There are two public rezonings currently underway—Gowanus in Brooklyn and SoHo and NoHo in Manhattan—both of which are expected to be certified, and start the ULURP process, in January. Another private rezoning proposed along the Flushing waterfront could see a City Council vote before the end of the year (the end of the ULURP process).  

The Gowanus rezoning would apply to 80 blocks of the neighborhood and could create an estimated 8,200 new apartments by 2035, including 3,000 affordable units, according to the city. It may also include funding for much-needed repairs at three NYCHA complexes in the neighborhood—a crucial demand and the “bottom line” made by community members and local Councilmembers Brad Lander and Stephen Levin, however the city has not made a decision on if they will meet it. Lander previously told City Limits that his team has been in discussions with the city over including NYCHA funding in the rezoning plan. 

The SoHo and NoHo rezoning aims to bring affordable housing to the high-opportunity, transit-rich neighborhoods, while keeping true to the contextual tradition of the area and institute flexible policies to support live-work and arts or cultural spaces. It’s a critical test for the city to see if it can successfully build affordable housing in a largely middle- to upper-class neighborhood, and housing advocacy groups are watching carefully for the outcome. 

Both projects are part of de Blasio’s housing plan to rezone 15 city neighborhoods, to create more density for both market-rate and affordable housing. So far the administration has successfully approved seven rezonings; efforts to rezone parts of Southern Boulevard in the Bronx and Bushwick in Brooklyn fell apart over the past year.

The Special Flushing Waterfront District is a private rezoning application to create a 29-acre waterfront special district with nine buildings, including 1,725 new apartments, a hotel,new roads, public waterfront open space, plus retail and offices. This November, the City Council pushed back its final vote on the proposal to December, after councilmembers questioned the applicants the impact of the rezoning and raised issues about the number of affordable units included in the plan. 

The Flushing project could potentially be impacted by an ongoing lawsuit, filed by a coalition of community groups in June, which says the city should have required an environmental impact study be conducted for the project. The lawsuit is currently going through the courts.

The NYCHA Blueprint plan

In July, the New York City Housing Authority announced a comprehensive restructuring of the city’s public housing in an effort to fund decades of neglected repairs. The “Blueprint” plan, which would cost a whopping $40 billion, would create a preservation trust to control NYCHA’s buildings, allowing it to tap into varied federal funding sources to generate revenue, then use those monies as collateral to borrow to pay for repairs.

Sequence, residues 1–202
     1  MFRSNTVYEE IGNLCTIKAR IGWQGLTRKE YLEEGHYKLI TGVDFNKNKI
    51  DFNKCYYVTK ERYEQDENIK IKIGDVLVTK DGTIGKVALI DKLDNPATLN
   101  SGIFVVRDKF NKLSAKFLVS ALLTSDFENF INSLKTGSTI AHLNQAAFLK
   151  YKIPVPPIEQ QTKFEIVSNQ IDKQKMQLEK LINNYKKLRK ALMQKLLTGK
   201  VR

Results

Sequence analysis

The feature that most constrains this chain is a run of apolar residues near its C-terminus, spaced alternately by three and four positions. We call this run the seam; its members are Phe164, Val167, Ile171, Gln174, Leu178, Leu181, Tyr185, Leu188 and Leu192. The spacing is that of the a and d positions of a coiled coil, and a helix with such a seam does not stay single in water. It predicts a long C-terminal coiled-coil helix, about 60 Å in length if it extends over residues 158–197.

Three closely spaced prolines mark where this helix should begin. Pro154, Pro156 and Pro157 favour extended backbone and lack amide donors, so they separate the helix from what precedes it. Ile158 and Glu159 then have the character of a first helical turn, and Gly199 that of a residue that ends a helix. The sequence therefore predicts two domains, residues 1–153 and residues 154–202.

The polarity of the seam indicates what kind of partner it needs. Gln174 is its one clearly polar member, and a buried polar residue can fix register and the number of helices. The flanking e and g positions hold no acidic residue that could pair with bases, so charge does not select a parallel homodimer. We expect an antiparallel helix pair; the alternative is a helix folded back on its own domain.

This November, NYCHA started accepting public commentary on the plan and will continue doing so until Dec. 28. The undertaking will require extensive support from the U.S. Department of Housing and Urban Development (HUD) and Congress. 

Inequity in housing and land use 

Over the past few years, there has been growing contention over how the de Blasio administration has implemented its land use policies––largely aimed at low-income, divested neighborhoods. Critics say those policies have led to deep inequity, spurring gentrification, overdevelopment and shifting demographics which have impacted longtime residents and small businesses. This contention has filtered down into private rezonings, like in Industry City, where CEO Andrew Kimball withdrew his application to expand the Sunset Park office campus this fall after facing intense opposition from the community and the local Councilmember Carlos Menchaca.

In October, after a two year study and a series of community engagement efforts, the city released its Where We Live report, a comprehensive list of recommendations to mitigate the impact of prejudiced housing policies. But the plan was criticized by advocates for not going far enough, and for lacking concrete details. 

Association for Neighborhood & Housing Development (ANHD) called the report a “missed opportunity,” saying that while it acknowledged the impact of land use policies on low-income communities of color, “its recommendations do not go nearly far enough to address the problems it names, while even those with the most promise seem divorced from any true plan or commitment to make them real.”

“This is all the more egregious in light of the disparities the COVID pandemic has laid bare, the mobilization of the Black Lives Matter movement, and the fierce urgency of action they rightfully demand,” read a statement from the group last month. 

Last year December, Public Advocate Jumaane Williams introduced a bill which would mandate a racial impact study for city land-use actions that require an environmental review. The Where We Live report also made a similar recommendation, but gave no details on which indicators it would use such an analysis. 

Between the city’s report and Williams’ legislation, housing advocates say there is an opportunity to re-examine how land use decisions and processes occur in New York City, especially as the city moves to rebound from the pandemic.